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Int J Cancer. 2016 Jul 15;139(2):334-46. doi: 10.1002/ijc.30083. Epub 2016 Apr 4.

Colorectal cancer risk and nitrate exposure through drinking water and diet.

Author information

1
ISGlobal, Centre for Research in Environmental Epidemiology (CREAL), Barcelona, Spain.
2
Departament de Ciències Experimentals i de la Salut, Universitat Pompeu Fabra, Barcelona, Spain.
3
CIBER Epidemiología y Salud Pública (CIBERESP), Madrid, Spain.
4
Cancer and Environmental Epidemiology Unit, National Centre for Epidemiology, Carlos III Institute of Health, Madrid, Spain.
5
Cancer Epidemiology Research Group, Oncology and Hematology Area, IIS Puerta De Hierro, Madrid, Spain.
6
Research Group on Gene-Environment Interactions and Health, , University of León, León, Spain.
7
Department of Clinical Sciences and Community Health, Università degli Studi di Milano, Milan, Italy.
8
Department of Epidemiology, IRCCS - Istituto di Ricerche Farmacologiche Mario Negri, Milan, Italy.
9
Unit of Epidemiology and Biostatistics, IRCCS, CRO Aviano National Cancer Institute, Aviano, Italy.
10
University of Cantabria, IDIVAL, Santander, Spain.
11
Public Health Division of Gipuzkoa, San Sebastián, Spain.
12
Biodonostia Research Institute, San Sebastián, Spain.
13
Navarra Public Health Institute, Pamplona, Spain.
14
SOC Igiene ed Epidemiologia Clinica, Azienda Ospedaliera Universitaria, Udine, Italy.
15
Oncology Institute IUOPA, Universidad de Oviedo, Asturias, Spain.
16
Centre for Research in Public Health, Valencia, Spain.
17
Department of Epidemiology IMIB-Arrixaca, Murcia Regional Health Council, Murcia, Spain.
18
Department of Health and Social Sciences, University of Murcia, Murcia, Spain.
19
IMIM (Hospital del Mar Medical Research Institute), Barcelona, Spain.
20
Catalan Institute of Oncology, Bellvitge Biomedical Research Institute (IDIBELL), Barcelona, Spain.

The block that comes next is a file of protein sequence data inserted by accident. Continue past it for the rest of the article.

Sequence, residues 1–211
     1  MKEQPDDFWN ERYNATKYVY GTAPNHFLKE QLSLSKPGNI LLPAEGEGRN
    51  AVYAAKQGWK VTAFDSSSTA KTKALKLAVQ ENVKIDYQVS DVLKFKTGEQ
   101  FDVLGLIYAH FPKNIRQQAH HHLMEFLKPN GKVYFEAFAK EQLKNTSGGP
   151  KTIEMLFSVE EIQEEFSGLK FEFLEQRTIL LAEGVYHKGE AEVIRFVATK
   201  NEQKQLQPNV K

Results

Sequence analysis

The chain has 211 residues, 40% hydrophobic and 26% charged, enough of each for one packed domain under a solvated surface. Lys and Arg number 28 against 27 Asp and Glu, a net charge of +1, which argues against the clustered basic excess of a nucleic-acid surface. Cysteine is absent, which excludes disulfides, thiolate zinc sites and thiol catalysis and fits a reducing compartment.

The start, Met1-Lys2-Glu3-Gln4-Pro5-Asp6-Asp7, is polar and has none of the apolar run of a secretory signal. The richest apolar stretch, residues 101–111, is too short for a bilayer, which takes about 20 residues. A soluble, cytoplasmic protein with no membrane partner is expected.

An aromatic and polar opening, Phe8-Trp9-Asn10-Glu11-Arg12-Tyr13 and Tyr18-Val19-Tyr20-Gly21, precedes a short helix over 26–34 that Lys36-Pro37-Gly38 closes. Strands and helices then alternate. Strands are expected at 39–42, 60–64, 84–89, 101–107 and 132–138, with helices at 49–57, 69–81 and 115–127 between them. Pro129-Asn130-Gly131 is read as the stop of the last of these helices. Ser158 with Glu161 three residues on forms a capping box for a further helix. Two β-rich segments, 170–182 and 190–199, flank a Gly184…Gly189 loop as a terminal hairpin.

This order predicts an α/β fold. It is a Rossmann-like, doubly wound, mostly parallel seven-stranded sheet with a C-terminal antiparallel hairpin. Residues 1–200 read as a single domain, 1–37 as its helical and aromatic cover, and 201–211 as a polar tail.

21
University of Barcelona, Barcelona, Spain.
22
University of Modena and Reggio Emilia, Modena, Italy.

Abstract

Ingested nitrate leads to the endogenous synthesis of N-nitroso compounds (NOCs), animal carcinogens with limited human evidence. We aimed to evaluate the risk of colorectal cancer (CRC) associated with nitrate exposure in drinking water and diet. A case-control study in Spain and Italy during 2008-2013 was conducted. Hospital-based incident cases and population-based (Spain) or hospital-based (Italy) controls were interviewed on residential history, water consumption since age 18, and dietary information. Long-term waterborne ingested nitrate was derived from routine monitoring records, linked to subjects' residential histories and water consumption habits. Dietary nitrate intake was estimated from food frequency questionnaires and published food composition databases. Odd ratios (OR) were calculated using mixed models with area as random effect, adjusted for CRC risk factors and other covariables. Generalized additive models (GAMs) were used to analyze exposure-response relationships. Interaction with endogenous nitrosation factors and other covariables was also evaluated. In total 1,869 cases and 3,530 controls were analyzed. Average waterborne ingested nitrate ranged from 3.4 to 19.7 mg/day, among areas. OR (95% CIs) of CRC was 1.49 (1.24, 1.78) for >10 versus ≤5 mg/day, overall. Associations were larger among men versus women, and among subjects with high red meat intake. GAMs showed increasing exposure-response relationship among men. Animal-derived dietary nitrate was associated with rectal, but not with colon cancer risk. In conclusion, a positive association between CRC risk and waterborne ingested nitrate is suggested, mainly among subgroups with other risk factors. Heterogeneous effects of nitrate from different sources (water, animal and vegetables) warrant further research.

KEYWORDS:

case-control studies; colorectal cancer; diet; drinking water; nitrate

PMID:
26954527
DOI:
10.1002/ijc.30083
[Indexed for MEDLINE]
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